Issue #13601 has been updated by zverok (Victor Shepelev).


`instance_eval` changes scope, while `yield_self` does not.

```ruby
class A
  def foo
    1
  end

  def yield_self
    yield self
  end
end

def self.foo
  2
end

p A.new.instance_eval { self.foo * 3 } # => 3
p A.new.yield_self { self.foo * 3 } # => 6
```

An example is synthetic, yet the difference is important.
...and was discussed multiple times on the road to `yield_self`, to be honest.

----------------------------------------
Feature #13601: Remove yield_self from Ruby 2.5 (already implemented)
https://bugs.ruby-lang.org/issues/13601#change-65112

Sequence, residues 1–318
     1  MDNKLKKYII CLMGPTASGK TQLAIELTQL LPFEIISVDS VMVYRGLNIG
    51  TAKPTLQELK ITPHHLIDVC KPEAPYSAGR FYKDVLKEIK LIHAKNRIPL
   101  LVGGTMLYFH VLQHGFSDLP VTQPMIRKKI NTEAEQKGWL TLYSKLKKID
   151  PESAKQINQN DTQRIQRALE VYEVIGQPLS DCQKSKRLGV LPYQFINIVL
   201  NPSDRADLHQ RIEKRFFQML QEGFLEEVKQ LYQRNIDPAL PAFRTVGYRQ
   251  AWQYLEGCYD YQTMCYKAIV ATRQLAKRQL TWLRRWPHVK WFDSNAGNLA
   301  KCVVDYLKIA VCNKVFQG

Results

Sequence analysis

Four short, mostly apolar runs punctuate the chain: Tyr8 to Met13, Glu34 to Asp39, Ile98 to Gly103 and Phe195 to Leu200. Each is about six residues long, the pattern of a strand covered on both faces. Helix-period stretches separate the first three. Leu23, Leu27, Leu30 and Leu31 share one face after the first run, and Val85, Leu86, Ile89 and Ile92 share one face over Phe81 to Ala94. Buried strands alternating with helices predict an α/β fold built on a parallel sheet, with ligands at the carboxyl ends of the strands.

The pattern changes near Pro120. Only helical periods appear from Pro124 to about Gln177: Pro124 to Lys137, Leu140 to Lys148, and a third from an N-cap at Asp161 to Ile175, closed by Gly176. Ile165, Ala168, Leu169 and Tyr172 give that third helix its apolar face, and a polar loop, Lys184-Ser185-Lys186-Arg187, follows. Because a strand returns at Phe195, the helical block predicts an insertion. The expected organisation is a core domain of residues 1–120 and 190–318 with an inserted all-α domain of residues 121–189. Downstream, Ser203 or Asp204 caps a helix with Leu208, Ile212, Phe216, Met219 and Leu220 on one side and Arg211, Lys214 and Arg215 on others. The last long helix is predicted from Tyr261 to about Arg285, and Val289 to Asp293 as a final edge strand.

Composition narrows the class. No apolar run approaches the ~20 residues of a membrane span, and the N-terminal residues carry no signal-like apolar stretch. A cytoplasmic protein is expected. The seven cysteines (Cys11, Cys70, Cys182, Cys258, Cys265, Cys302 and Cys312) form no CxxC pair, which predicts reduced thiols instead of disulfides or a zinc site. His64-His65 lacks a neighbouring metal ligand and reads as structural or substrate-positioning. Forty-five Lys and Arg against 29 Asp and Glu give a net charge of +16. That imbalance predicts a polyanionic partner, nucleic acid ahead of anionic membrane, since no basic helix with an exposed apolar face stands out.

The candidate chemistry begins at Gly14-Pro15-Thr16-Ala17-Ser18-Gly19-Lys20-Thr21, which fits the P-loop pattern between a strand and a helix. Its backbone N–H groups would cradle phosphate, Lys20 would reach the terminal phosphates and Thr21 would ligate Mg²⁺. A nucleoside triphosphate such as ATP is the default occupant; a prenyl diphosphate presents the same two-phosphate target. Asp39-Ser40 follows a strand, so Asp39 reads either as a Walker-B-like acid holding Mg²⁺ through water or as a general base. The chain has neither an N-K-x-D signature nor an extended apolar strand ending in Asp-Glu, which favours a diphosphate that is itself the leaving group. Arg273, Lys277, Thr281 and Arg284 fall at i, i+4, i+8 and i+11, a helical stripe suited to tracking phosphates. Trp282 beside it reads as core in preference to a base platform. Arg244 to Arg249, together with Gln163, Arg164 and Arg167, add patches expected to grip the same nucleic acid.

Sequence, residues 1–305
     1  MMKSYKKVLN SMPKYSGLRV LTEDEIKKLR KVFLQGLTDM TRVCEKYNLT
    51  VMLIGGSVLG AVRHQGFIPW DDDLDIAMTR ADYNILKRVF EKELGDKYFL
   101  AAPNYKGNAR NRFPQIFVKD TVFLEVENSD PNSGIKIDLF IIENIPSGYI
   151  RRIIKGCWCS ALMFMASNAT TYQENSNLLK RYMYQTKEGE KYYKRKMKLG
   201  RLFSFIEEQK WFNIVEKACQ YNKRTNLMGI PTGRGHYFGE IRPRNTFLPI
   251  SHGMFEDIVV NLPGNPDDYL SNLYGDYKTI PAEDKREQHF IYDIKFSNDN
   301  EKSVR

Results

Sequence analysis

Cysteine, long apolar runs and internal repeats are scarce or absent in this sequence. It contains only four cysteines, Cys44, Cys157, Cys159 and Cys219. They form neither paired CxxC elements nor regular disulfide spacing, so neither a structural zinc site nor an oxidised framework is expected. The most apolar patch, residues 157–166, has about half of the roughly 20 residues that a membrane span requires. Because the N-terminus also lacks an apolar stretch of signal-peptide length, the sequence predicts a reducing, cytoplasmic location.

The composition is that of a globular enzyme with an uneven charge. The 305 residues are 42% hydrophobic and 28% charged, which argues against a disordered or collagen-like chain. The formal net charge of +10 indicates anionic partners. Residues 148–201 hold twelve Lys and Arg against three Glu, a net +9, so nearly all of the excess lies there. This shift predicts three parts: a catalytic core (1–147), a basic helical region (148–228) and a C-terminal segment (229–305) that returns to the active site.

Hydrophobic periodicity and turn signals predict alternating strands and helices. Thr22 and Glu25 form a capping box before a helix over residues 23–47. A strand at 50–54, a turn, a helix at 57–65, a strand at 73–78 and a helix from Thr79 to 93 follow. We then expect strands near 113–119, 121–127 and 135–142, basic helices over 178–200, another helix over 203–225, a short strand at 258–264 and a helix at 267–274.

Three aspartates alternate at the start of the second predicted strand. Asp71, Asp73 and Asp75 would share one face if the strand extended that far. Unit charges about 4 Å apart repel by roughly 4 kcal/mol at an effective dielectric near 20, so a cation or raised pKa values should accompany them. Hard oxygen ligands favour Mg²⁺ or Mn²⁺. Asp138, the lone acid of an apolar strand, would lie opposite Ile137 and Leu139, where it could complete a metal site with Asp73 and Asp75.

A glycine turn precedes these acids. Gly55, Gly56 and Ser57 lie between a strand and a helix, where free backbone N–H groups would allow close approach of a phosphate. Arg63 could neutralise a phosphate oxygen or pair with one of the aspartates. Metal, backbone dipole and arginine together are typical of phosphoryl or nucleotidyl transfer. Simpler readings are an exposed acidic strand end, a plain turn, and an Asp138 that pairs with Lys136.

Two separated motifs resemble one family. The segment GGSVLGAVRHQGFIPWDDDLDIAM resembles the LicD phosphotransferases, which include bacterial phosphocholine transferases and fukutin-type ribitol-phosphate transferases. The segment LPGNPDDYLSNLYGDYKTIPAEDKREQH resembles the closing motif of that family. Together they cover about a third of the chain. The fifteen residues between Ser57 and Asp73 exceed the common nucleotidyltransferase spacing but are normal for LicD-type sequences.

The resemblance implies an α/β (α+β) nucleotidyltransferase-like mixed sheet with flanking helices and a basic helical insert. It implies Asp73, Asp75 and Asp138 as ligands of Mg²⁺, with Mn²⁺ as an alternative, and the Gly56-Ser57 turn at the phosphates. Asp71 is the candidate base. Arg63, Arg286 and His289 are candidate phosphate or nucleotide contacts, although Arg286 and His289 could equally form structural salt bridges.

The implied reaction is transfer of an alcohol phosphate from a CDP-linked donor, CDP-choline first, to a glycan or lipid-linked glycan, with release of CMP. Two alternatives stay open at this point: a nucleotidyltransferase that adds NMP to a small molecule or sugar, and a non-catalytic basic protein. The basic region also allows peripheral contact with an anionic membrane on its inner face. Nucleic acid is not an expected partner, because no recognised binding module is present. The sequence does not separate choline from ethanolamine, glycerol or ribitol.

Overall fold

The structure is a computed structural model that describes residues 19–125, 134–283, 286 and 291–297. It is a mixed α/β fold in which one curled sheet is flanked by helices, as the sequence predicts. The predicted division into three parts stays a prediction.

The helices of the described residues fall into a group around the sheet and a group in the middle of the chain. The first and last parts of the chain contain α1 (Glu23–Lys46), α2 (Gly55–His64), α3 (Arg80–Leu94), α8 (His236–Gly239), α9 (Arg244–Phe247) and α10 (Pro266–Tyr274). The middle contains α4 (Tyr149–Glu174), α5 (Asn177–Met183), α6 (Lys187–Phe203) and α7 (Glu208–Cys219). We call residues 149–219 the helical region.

* Author: danielpclark (Daniel P. Clark)
* Status: Open
* Priority: Normal
* Assignee: 
* Target version: 
----------------------------------------
Issue https://bugs.ruby-lang.org/issues/6721 for adding `yield_self` is unnecessary as `BasicObject#instance_eval` will do the exact same thing.

~~~ruby
class BasicObject
  alias :yield_self :instance_eval
end

2.yield_self { |x| x*x } # => 4
~~~

I've tried all the examples of its given use cases and `BasicObject#instance_eval` will do them all.

In issue #6721 nobu said he didn't like the name `yield_self`.  I'm in agreement about the name.  Since `BasicObject#instance_eval` will already pipe in `self` and return the value of the block `yield_self` is not necessary.



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